Environment Agency makes Stonewall UK's top 20 most inclusive employers list
It's a proud day for the Environment Agency, as Stonewall UK releases its Top 100 Employers Index. The Agency is featured as a top 20 employer following a concerted effort to promote inclusivity across the organisation.
The Agency has been listed for eleven consecutive years and is ranked in 18th place this time around. The Top 100 Employers Index highlights the most LGBT-inclusive employers in Britain. Each organisation featured has made great progress in ensuring every colleague, no matter their sexual orientation or background, is accepted and valued without exception.
Emma Howard-Boyd, Environment Agency Chairperson, said:
Our dedicated LGBT+ network deserves a lot of credit for helping to make the Environment Agency a great place to work where people can truly be themselves. Understanding and advancing equality also means being transparent.
This month we published data on average earnings covering differences in sexual orientation as well as gender, disability, race, religion and belief. There's a lot more to do, but to be recognised in Stonewall's Top 100 Employers list for the 11th year in a row is a fantastic achievement.
EU Commission meeting
Environment Minister Therese Coffey was invited to appear in front of the EU Commission alongside eight other member states to discuss air quality.
Infraction proceedings against the UK and others were initiated by the Commission in February 2014 and are currently at the Reasoned Opinion stage. The forum, held yesterday in Brussels, focused on action being taken to tackle air pollution in each country.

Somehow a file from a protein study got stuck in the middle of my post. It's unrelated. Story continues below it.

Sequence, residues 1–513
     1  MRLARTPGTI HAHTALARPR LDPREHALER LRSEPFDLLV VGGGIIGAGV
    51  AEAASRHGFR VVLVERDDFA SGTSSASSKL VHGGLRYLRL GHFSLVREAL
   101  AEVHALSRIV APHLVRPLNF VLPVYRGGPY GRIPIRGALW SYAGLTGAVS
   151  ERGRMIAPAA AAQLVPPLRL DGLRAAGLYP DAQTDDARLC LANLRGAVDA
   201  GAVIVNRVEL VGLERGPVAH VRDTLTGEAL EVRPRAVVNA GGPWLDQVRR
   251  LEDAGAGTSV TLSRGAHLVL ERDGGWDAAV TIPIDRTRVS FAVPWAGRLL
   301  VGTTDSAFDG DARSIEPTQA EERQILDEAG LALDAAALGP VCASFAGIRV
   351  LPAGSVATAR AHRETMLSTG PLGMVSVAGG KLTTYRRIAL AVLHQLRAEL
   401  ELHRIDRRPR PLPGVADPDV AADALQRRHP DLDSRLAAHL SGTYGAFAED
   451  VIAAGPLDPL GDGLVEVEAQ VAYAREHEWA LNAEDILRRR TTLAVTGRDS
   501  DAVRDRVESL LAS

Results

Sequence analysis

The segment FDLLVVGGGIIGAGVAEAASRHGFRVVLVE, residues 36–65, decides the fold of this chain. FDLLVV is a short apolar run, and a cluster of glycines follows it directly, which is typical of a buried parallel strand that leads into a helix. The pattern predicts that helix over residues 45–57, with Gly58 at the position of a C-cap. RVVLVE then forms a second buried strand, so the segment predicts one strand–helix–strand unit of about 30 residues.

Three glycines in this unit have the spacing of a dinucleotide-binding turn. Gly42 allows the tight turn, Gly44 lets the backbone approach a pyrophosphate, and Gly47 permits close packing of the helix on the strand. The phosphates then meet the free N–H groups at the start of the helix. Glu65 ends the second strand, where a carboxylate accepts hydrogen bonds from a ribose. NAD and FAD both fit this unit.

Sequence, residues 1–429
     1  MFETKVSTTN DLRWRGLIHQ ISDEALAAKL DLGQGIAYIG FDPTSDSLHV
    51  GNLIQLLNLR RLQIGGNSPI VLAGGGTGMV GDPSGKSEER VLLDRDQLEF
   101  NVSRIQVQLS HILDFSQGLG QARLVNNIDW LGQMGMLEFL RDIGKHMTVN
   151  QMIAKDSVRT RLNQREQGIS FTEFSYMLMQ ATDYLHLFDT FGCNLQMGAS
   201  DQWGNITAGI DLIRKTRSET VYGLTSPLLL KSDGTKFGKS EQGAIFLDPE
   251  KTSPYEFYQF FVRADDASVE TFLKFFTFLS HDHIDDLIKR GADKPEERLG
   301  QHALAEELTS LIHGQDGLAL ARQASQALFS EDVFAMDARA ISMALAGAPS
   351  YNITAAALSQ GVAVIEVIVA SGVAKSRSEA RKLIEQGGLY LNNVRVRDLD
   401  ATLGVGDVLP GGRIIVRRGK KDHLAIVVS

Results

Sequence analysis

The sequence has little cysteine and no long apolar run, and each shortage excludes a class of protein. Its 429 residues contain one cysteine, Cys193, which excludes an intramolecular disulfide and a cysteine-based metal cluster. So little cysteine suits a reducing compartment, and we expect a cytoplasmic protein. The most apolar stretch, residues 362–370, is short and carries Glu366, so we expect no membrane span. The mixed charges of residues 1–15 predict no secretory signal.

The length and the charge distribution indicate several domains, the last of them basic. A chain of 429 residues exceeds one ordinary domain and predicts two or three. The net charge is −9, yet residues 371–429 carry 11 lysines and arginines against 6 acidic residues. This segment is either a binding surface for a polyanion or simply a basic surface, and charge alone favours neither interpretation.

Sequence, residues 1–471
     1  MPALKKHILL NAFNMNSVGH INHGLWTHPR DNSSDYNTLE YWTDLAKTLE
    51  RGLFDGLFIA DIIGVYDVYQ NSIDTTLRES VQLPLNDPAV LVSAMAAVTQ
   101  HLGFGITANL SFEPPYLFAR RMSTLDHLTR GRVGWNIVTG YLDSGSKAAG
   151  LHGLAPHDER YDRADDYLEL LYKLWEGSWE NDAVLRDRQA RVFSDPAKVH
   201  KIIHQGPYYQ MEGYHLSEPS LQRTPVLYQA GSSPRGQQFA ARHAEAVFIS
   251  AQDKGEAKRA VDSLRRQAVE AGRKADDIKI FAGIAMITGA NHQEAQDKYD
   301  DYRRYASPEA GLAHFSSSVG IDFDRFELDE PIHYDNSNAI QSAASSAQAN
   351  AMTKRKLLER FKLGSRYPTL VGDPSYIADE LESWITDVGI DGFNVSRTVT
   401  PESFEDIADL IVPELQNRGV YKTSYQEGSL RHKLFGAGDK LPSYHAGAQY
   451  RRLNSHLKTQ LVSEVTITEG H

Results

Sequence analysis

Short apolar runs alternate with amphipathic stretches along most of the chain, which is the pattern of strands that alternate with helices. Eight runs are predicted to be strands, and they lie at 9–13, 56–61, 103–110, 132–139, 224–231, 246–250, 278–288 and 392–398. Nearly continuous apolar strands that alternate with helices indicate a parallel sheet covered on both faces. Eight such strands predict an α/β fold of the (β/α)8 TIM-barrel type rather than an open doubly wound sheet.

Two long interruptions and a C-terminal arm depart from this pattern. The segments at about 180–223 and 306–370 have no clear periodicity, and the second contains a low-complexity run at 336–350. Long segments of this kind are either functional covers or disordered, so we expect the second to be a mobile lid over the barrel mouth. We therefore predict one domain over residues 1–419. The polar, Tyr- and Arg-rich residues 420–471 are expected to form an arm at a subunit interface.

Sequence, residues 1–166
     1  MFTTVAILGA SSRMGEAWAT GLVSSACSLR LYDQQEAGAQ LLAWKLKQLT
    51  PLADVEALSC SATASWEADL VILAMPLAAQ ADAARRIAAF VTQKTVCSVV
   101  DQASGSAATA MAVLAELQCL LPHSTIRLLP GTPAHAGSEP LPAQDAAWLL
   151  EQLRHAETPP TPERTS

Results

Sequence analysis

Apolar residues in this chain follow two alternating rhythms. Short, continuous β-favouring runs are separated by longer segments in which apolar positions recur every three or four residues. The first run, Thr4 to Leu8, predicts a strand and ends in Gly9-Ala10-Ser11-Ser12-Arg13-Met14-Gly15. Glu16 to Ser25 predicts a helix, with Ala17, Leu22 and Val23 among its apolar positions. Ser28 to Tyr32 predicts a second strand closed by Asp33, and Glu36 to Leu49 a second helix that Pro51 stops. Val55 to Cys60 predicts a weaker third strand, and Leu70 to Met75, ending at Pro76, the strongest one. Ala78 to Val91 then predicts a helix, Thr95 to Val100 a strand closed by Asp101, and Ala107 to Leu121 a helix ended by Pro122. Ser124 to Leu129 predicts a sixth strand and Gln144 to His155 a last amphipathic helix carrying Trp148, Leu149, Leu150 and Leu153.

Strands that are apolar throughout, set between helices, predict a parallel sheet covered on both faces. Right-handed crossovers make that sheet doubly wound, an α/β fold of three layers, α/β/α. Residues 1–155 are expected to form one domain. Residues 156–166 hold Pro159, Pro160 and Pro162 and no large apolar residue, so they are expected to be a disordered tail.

In the UK, this includes a Plan for Tackling Roadside Nitrogen Dioxide Concentrations produced by Defra and the Department for Transport, published in July 2017, and this year a comprehensive clean air strategy will set out further steps to tackle air pollution.
In addition, a call for evidence was yesterday (30 January) published seeking views on proposals to cut harmful emissions caused by the burning of dirtier fuels.
A Defra spokesperson said:
Air pollution has improved significantly since 2010, but we recognise there is more to do which is why we have put in place a £3.5billion plan to improve air quality and reduce harmful emissions.
We are at the forefront of calls for the EU to introduce Real Driving Emissions testing which is essential in meeting our air quality goals, the first stage of which came in for new models of vehicles in September 2017. We continue to actively engage at a European and international level to tackle air pollution.
Pesticides in food
BBC One’s Food: Truth or Scare at 9.15 this morning included a package on pesticides. Picking up on stories in the press about the presence of neonicotinoids in honey, the piece explored whether pesticides in food posed any risk to humans.
Dr Paul Brantom, Chair of the Pesticides Residues in Food Committee is interviewed and says that close to 50% of the 1000s of foods they analyse show no pesticide residues at all.
The presenter explained that of those products where pesticides were found, they were all under the maximum residue level (MRL) and even where this is exceeded, Paul explains the product is still very likely to be safe as they have found very few cases where there is even a slight chance of a risk to human health.